Part 20: Living Together

I have written many essays for about my current life at a continuing care retirement community. I am happy with my choice and would not change it.

As a retired psychotherapist, consultant and mental health educator I spent much of my professional career helping people understand and manage their feelings. Yet I do not think that I have actually written about how it feels to live in a community like this. Well, it’s time to correct that. Here are my thoughts.

Friendships become redefined

For many of us who live in my CCRC, moving here has meant separating from long, dear friendships. Every effort is made to help us connect and be part of the life at our community. Yet for each one of us, moving and adapting to this new life it is a challenge. I hear friends saying that new friends aren’t the same as those old forever friends and I agree. Fortunately email and the phone help us manage the transition. As one of my friends lamented, “You don’t make old friends.”

When we first moved, some of our mountain friends would make a special stop to see Bob and me when they came to the big city. That was wonderful but it didn’t last. Our hole in the group got filled and we weren’t missed as much. It is even harder for residents who moved here from out of state to connect with their old friends. I envy the local people who watched this place being built and now live here. Their friends, their churches and often many of their children are close by. They continue old friendships while making new ones here.

I told a friend what I was writing about and she volunteered that for her the ‘rumor mill’ was the hardest part of living here. According to her, “Everyone is into everyone’s business and then they talk about it! And most of the time the story is completely distorted.” She likened this to the childhood game many of us played at birthday parties. Start a brief sentence and whisper it to the person sitting next to you. By the time the statement gets whispered around the whole group and is articulated by the last person, it is entirely different from the way it started. I agree that we tend to talk about issues that our fellow residents are dealing with, but I feel it is an effort to share so that as a group we can empathize with the concern at hand.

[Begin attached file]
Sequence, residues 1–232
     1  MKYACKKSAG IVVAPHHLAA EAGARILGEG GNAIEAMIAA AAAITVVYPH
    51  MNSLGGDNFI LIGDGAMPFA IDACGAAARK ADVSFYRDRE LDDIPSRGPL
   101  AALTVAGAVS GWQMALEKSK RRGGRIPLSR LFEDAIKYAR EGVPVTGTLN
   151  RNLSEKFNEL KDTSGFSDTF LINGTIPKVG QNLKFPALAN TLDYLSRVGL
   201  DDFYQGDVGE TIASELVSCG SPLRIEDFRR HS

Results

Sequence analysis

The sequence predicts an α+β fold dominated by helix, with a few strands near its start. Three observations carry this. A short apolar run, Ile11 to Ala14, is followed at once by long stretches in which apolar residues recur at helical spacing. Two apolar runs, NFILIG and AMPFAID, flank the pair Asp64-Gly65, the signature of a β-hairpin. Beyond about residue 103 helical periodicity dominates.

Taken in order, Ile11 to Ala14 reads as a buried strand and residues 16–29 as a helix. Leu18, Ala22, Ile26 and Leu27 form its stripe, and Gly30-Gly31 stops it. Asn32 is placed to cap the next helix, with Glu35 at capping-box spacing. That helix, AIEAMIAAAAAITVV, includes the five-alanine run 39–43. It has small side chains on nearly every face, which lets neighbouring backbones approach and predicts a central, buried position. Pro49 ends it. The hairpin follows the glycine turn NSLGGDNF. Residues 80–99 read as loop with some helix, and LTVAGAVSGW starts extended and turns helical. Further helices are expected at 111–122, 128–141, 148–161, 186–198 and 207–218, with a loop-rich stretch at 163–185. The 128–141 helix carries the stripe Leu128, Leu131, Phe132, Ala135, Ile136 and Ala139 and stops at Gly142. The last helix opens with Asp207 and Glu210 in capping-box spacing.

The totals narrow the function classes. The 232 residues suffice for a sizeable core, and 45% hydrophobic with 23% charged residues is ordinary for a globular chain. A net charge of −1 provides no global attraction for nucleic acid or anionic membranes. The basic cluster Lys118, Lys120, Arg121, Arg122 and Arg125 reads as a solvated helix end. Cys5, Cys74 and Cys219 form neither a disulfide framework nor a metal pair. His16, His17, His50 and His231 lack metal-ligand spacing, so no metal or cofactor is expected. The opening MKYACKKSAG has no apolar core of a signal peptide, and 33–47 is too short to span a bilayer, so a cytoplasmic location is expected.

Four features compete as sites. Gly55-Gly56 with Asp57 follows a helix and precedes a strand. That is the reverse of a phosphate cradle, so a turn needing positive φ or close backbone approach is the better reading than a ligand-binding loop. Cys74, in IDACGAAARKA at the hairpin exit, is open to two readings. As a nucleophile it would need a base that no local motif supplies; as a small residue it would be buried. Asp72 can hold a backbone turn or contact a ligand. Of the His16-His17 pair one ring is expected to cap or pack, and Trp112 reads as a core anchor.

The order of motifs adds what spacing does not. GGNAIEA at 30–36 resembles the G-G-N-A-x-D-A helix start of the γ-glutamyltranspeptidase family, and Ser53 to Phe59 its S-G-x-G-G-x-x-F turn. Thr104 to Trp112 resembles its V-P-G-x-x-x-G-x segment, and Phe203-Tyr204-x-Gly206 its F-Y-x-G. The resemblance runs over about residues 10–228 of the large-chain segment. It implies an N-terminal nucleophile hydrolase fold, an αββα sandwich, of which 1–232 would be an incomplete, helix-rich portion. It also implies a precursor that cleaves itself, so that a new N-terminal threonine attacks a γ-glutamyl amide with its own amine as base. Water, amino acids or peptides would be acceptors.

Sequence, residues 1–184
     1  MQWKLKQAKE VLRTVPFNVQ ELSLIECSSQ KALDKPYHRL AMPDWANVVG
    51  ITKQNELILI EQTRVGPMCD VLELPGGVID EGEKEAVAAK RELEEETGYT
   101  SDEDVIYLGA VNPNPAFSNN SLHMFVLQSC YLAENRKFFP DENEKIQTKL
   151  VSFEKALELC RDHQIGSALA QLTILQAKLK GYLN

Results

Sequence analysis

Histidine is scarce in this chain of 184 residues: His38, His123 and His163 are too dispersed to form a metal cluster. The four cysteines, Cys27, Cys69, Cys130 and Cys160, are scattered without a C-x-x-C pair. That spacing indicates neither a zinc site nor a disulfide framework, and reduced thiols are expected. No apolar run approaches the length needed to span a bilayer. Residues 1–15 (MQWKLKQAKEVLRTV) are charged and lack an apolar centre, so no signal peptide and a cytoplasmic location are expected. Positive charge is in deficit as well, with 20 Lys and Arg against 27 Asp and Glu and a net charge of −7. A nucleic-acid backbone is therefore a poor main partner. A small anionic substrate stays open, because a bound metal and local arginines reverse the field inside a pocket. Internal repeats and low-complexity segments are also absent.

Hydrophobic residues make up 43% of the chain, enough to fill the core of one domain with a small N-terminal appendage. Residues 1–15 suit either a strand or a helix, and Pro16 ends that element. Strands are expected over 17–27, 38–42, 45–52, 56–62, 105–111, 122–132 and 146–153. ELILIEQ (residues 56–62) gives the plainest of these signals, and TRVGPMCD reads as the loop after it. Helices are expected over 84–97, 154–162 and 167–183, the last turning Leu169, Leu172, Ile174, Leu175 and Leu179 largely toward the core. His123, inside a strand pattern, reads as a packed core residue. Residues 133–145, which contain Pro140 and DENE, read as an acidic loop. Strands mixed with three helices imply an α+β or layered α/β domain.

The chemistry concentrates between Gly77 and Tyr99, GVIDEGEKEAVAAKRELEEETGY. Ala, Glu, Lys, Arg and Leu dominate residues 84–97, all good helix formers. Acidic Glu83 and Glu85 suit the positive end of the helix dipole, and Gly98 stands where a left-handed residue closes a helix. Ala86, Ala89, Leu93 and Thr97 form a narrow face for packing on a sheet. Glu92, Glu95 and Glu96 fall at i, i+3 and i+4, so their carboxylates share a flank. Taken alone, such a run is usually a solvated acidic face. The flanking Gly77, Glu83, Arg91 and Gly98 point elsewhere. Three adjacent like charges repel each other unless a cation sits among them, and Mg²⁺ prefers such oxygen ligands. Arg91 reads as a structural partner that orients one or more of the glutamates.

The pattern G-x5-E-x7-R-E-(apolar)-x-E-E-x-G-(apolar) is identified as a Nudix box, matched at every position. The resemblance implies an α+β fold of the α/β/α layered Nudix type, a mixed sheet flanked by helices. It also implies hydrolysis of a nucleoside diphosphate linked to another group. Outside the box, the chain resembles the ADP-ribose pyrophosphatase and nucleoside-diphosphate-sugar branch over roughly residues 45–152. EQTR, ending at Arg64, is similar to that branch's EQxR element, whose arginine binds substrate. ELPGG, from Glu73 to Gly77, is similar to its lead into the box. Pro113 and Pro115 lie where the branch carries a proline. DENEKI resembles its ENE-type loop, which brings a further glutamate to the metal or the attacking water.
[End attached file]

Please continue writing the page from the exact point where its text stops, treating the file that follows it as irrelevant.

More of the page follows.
Life surrounded by people

Each of our adjustments is different depending upon circumstances, but to deny that it is not challenging would be unrealistic. Perhaps it is the hardest for those who move here after the loss of a spouse. There are so many stressful situations for them to manage.

In a way there is a need to reinvent your life with the move. Most of us have much less living space than we had been accustomed to. A single woman I know turned her guest bathroom’s bathtub into storage space. I’m pretty lucky because I’m not a saver. Yet I know the struggle for some who find it so hard to give up lifelong treasures.

One of the greater adjustments in this move is that we are living among a variety of people, people who we need to interact with in ways than we wouldn’t have in our old living situation. People are always around and for friendly folks, that’s fun. Yet for people who like more privacy, it may feel like an intrusion.

I have described life here as similar to being on a cruise ship, living in a group home or an institution. Since moving into the lodge I am reminded of life in my college sorority house, people around most of the time:  in the corridors, the mailroom, the library, even outside when I am taking a walk. My only promise of privacy is when I am in my apartment.

Some people can live here and avoid too much social interaction by spending their time either in their apartment or going out in their car. I know some who seem to really enjoy that lifestyle. However there are others who would like a more people-related life but do not know how to achieve it. We have a core group of residents who belong to Hospitality and Welcoming Committee and make a huge effort to help new residents integrate into the life here. It usually works, sometime it doesn’t. Then there are residents, like myself, who call the people who seem lost to include them in dinner plans in an effort to help them integrate into the community. Sometimes this works, sometimes it doesn’t.

Life changes are hard when we get older but even with all the varying degrees of adjustment that are necessary to adapt to CCRC life, I truly believe my friends and I are very fortunately to be living this sort of life in our later years. All the current research concludes that sociability is an important ingredient in happy, healthy aging.

This post was written by Margery Fridstein, an author and retired psychotherapist who lives in a CCRC outside of Denver, CO. She is chronicling her experience in the monthly series, “The Last Stop With Margery Fridstein.”

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